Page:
July 24, 2006

Record heatwave assails California

By Bernie Woodall

LOS ANGELES (Reuters) - A record-breaking heat wave pushed
California's power grid close to the breaking point on Monday,
but by evening it appeared the first rolling blackouts in five
years had been averted, power managers said.

"It looks like we dodged a bullet," said Gregg Fishman,
spokesman for the California Independent System Operator, after
power use had peaked.

Earlier on Monday, authorities issued dire warnings that
they might have to resort to rolling blackouts, spurring urgent
pleas for the public to take steps to conserve power.

In a situation that recalled the 2000-2001 energy crisis,
an estimated 100,000 Californians were without electricity
earlier in the day, a number than dwindled as the hours passed.
More than 1 million homes and businesses were without power
during the weekend, the state's largest utilities said.

The heat is blamed for the deaths of at least four

Health officials said one man died in a Stockton nursing
home on Sunday after the air conditioning gave out as
temperatures reached a sweltering 115 degrees F (46 C).

In Modesto, hospital officials said a patient died of heart
failure after being admitted with a temperature of 106 degrees
F (41 C) and authorities in Kern County were investigating
whether heat caused four deaths, including two from last week.

With reserve supplies on the power grid dwindling as
temperatures rise into triple digits, the California ISO called
a "Stage 2" power emergency. This means utilities may cut or
reduce power to businesses that agreed to respond when such an
emergency occurs in return for lower rates.

It was the first time since summer 2005 that a Stage 2
emergency was called, said Lori O'Donley of the Cal ISO.

Rolling involuntary blackouts are "Stage 3." The last Stage
3 was called in May 2001.

With another record day for power demand was forecast on
Tuesday, conservation was still important, said Marlon Walker
of Southern California Edison, which serves 4.7 million homes
and businesses.


"Conservation is absolutely necessary. It's not just key or
guidance. It is absolutely necessary if we are going to avoid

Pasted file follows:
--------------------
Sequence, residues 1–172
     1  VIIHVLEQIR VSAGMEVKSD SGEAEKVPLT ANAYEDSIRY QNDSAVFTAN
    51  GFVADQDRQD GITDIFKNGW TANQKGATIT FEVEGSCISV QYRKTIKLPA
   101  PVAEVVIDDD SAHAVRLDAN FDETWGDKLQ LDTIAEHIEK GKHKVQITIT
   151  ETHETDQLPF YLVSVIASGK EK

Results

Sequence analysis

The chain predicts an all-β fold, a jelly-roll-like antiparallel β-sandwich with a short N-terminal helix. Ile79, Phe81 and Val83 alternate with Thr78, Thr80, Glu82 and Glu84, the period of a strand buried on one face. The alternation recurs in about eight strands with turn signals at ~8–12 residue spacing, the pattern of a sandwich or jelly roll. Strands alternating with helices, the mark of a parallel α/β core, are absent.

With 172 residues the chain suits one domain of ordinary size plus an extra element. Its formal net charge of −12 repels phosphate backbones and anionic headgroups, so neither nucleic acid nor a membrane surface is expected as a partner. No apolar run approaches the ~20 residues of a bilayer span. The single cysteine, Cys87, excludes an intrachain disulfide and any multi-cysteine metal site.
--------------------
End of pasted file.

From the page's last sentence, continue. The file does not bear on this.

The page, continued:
rolling blackouts," Walker said.

Cal ISO record demand Monday peaked at 50,270 megawatts in
mid-afternoon, 11 percent higher than the peak record set last
summer, and 21 percent higher than the most electricity
California used during the 2000-2001 energy crisis.

Since the energy crisis, when rotating blackouts were
frequent in California, several major changes have been made in
the way power is traded, said O'Donley.

Back then, almost all power delivered in California was
purchased in a next-day spot market, which companies such as
the disgraced and bankrupt Enron Corp. exploited to their
advantage. Prices on the California electricity spot market
rose ten-fold during the height of the crisis and power
delivery was unreliable.

More power plants and better power lines have also helped.

Still, as those plants and transformers on power poles
across the state continue to work hard in high heat, the
chances of failure rise, said O'Donley.

"The grid is working," O'Donley said. "But it's critical
that everything stay operational. We've got to keep our fingers
crossed that everything stays working. They have been running
full bore."

Temperatures are expected near record levels over much of
California on Tuesday, forecasters said. Sacramento hit a high
of 107 F (41.66C) on Monday with forecasts for 106 F (41.11C)
on Tuesday and 99 Fahrenheit (37.22 C) on Wednesday.

A megawatt in California can usually power about 700 homes,
but the number served per megawatt drops during record usage.

The Cal ISO transmits 80 percent of the state's

(Additional reporting by Leonard Anderson in San Francisco
and Scott DiSavino in New York, and Jill Serjeant in Los